# resistor question

Discussion in 'General Electronics Chat' started by ZWhooshdoo, Sep 10, 2011.

1. ### ZWhooshdoo Thread Starter New Member

Jul 16, 2011
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I have a 1/4 watt resistor rated at 1k ohms in a circuit and it is showing 12 volts at one end and only .4 volts at the other end. Since that is such a drastic difference in voltage levels, I am wondering if that is normal or could the resistor somehow have too much resistance? Is there a way to tell roughly what the difference in voltage should be across a resistor based on its rating? Thanks very much for any help.

2. ### justtrying Active Member

Mar 9, 2011
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if you figure out the voltage drop across the resistor, there does not seem to be any problems in terms of its power rating (that is always the main concern). So the question is what kind of current is flowing through the resistor, the voltage drop will obey Ohm's Law. Also if you are uncertain whether the resistor is good or not, you can always check it with DVM.

3. ### praondevou AAC Fanatic!

Jul 9, 2011
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No there is not unless it is some extreme voltage drop. The one you have is within it's wattage specifications. If you are unsure you can measure it in-circuit which will most likely give you the wrong value, but it shouldn't be BIGGER than 1k. To be absolutely sure, desolder one side and measure again.

4. ### DerStrom8 Well-Known Member

Feb 20, 2011
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I think ZWhooshdoo's problem is how he was measuring the resistor. I think he had the common probe on (-) and put the positive probe on the (+) side of the resistor (of course, giving him the full 12 volts), but then moved the positive probe to the other side of the resistor to get .4 volts. Then again, if that were the case, .4 volts seems awfully high...I would expect it to be closer to 0.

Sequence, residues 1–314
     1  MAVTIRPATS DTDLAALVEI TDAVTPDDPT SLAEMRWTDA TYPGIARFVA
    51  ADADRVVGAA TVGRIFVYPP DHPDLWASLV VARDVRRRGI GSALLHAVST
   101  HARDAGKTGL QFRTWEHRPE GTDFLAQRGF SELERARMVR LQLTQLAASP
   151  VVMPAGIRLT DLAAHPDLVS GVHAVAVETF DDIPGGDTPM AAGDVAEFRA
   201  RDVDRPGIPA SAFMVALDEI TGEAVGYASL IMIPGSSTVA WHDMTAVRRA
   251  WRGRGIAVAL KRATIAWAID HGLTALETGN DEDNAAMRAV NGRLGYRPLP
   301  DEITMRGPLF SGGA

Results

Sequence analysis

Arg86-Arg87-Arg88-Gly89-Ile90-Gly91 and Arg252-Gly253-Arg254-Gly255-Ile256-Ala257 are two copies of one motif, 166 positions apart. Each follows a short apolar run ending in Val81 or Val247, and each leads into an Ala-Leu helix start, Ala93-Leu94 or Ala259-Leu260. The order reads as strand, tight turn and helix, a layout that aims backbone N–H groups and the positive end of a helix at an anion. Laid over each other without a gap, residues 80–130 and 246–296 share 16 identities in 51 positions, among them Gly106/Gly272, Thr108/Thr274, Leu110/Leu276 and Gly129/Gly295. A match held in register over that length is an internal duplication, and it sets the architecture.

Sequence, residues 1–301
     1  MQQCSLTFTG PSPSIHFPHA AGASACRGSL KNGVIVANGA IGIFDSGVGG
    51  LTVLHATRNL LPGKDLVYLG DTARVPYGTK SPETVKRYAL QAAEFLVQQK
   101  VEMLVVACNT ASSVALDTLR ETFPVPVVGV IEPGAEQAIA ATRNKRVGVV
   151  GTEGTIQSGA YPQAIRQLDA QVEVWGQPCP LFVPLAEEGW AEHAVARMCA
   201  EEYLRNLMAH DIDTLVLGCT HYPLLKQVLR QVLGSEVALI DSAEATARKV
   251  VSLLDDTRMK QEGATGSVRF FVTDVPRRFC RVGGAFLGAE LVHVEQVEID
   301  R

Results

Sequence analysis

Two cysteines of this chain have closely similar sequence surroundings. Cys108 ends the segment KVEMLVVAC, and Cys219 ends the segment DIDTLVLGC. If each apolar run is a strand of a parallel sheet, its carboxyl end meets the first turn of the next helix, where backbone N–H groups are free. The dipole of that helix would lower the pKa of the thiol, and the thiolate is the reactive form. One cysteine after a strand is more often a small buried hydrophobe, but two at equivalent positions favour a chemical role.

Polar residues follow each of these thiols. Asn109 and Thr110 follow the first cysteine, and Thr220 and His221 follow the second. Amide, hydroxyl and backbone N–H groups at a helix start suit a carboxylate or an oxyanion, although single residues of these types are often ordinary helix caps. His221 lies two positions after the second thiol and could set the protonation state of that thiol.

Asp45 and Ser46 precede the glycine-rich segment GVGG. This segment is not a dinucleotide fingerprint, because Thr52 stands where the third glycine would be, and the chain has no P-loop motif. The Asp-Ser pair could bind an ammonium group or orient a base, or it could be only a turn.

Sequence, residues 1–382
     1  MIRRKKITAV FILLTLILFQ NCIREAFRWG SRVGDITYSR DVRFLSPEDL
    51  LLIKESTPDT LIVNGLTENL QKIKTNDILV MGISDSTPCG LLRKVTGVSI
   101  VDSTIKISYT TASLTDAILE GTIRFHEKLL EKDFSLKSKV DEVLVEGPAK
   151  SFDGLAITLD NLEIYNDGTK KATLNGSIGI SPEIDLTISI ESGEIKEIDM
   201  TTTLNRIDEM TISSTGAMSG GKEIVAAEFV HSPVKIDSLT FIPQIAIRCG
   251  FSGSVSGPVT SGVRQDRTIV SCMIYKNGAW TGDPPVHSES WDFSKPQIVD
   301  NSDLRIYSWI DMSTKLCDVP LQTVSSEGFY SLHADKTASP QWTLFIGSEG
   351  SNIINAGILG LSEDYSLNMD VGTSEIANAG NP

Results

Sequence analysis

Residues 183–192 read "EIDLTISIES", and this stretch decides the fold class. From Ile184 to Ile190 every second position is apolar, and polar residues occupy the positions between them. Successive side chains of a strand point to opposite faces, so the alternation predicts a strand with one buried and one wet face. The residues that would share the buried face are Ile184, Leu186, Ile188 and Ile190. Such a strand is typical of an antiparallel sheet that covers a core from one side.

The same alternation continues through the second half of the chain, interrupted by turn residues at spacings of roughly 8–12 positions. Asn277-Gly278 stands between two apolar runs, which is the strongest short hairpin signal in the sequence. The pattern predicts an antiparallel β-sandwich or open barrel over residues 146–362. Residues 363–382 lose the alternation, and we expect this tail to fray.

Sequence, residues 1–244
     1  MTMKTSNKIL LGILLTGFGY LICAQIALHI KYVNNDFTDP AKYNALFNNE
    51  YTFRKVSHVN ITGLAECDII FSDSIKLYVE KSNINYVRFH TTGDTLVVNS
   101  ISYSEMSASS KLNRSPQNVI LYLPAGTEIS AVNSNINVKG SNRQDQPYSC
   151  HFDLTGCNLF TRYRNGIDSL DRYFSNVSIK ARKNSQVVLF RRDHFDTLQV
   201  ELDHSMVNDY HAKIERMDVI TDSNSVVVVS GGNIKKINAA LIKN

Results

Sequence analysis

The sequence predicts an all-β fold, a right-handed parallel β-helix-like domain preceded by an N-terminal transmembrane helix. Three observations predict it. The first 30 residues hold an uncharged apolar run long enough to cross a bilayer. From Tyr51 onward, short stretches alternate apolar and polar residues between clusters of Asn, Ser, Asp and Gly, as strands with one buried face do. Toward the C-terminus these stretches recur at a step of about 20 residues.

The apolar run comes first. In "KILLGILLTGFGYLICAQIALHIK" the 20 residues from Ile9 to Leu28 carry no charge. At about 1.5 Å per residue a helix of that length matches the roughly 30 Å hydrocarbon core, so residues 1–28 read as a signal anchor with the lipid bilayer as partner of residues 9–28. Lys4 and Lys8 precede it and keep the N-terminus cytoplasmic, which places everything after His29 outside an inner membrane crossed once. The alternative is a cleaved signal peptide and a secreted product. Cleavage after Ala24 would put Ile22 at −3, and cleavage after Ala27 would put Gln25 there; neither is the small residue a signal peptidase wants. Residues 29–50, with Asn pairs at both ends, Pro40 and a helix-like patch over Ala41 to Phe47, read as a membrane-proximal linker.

Der Strom

5. ### iONic AAC Fanatic!

Nov 16, 2007
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There is single voltage across the resistor, apparently you didn't measure that.
I'd think, however that if you measured the voltage at one end with respect to ground and got 12V and the other end also with respect to ground and got .4V then you know the voltage across the resistor, 12V - .4V or 11.6V. Which should be the same as if you place the probes of the DVM on both ends of the resistor. The current then is 11.6V/1K or 11.6mA. The fact that there was a different voltage on both ends of the resistor proves that the resistor is not bad. How close to its stated value is another story.

Last edited: Sep 11, 2011

May 15, 2010
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7. ### DerStrom8 Well-Known Member

Feb 20, 2011
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Lot's of people post their questions on both forums. There is absolutely nothing wrong with that. The more answers the better, if you ask me.
Der Strom

8. ### upand_at_them Active Member

May 15, 2010
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It depends.

This isn't a service, per se. It's not like getting a price on a fridge...You go one place, get a price, go to another and get a price...